Duke Johnson's receiving a pleasant bonus for Browns

Duke Johnson’s 1,652 rushing yards jump out as one clear reason the Cleveland Browns used a third-round pick on him.

But don’t underestimate the 68 career receptions or the 38 catches Johnson had for the Miami Hurricanes in 2014, or the three receiving touchdowns.

Johnson’s receiving ability fills a great void for the Browns.

As well as Isaiah Crowell and Terrance West ran at times one year ago -- they combined for 1,280 yards and two touchdowns -- they never really filled a role as a receiver.

That could have been inexperience. It could have been Brian Hoyer looking more to the wideouts. It could have been that the emphasis on play-action took the backs out of the passing game.

The bottom line is the bottom line.

ESPN Stats and Information reports that Browns backs had a league-low 32 catches in 2014 for a league-low 226 yards. The backs also were targeted a league-low 36 times and scored a mere one receiving touchdown.

Backs are paid to run the ball, but Johnson’s strength is he brings skills that West and Crowell lack.

Dane Brugler of NFLDraftScout.com wrote that Johnson is a “natural pass-catcher with beautiful body control, soft hands and smooth routes, often splitting out wide as a receiver.”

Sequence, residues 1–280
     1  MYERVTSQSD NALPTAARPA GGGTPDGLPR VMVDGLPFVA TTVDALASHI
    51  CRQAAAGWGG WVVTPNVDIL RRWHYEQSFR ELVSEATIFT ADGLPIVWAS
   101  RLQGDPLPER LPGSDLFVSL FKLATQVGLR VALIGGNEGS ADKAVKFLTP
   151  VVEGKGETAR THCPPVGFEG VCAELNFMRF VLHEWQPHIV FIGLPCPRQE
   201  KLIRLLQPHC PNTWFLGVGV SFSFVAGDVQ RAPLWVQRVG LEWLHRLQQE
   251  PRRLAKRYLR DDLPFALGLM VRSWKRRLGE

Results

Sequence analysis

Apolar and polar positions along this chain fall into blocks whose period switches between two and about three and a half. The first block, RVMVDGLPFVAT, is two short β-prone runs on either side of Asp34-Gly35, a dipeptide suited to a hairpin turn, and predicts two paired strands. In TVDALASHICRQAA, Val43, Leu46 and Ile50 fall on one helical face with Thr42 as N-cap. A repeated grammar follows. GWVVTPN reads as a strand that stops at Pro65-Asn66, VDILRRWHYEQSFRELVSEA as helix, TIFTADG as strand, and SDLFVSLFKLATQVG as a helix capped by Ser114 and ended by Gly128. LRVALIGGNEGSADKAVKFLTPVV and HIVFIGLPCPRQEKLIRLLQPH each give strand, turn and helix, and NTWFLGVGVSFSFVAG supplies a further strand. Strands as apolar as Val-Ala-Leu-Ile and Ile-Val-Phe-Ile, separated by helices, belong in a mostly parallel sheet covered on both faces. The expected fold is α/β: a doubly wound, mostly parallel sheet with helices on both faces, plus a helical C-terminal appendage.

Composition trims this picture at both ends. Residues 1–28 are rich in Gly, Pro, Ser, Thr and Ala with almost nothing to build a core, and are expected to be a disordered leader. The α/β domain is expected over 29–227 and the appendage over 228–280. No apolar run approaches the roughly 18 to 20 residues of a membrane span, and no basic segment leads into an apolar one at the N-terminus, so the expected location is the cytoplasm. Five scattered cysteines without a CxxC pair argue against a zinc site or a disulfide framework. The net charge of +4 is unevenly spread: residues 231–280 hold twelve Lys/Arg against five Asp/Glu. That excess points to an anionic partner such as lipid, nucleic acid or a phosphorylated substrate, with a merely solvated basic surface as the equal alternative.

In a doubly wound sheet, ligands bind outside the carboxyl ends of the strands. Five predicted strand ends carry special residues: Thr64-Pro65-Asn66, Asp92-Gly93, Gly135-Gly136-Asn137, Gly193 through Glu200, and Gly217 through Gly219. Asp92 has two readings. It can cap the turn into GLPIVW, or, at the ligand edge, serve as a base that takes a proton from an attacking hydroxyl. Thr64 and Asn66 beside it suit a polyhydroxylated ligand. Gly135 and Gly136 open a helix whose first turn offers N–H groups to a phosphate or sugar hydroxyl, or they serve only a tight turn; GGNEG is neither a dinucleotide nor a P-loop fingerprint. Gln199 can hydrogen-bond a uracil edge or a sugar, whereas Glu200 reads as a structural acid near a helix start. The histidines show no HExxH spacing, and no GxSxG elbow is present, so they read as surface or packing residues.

Offensive coordinator John DeFilippo said the Browns have been lining up West, Crowell and Glenn Winston wide in some plays. No doubt Johnson will do the same.

Johnson’s quicks were evident in the rookie camp. But that’s what should happen.

Quickness should stand out in drills without contact and without aggressive play. But Johnson also showed the ability to make catches on the run, including over-the-shoulder and down the field.

“You should have seen the choice route he ran in the seven-on-seven,” offensive coordinator John DeFilippo said on Saturday. “It was fantastic.”

The temptation game with any small and quick back with good hands is to compare him to Darren Sproles. Sproles is 5-foot-6 and cat quick, and he’s averaged 60 catches the last seven season.

Johnson is not Sproles. But he has some of Sproles’ attributes, especially quickness. That is an attribute the others backs lack.

The thought of the Browns using Johnson in certain mismatches and in certain formations to take advantage of his skills -- and speed -- has to be appealing to the offensive staff.

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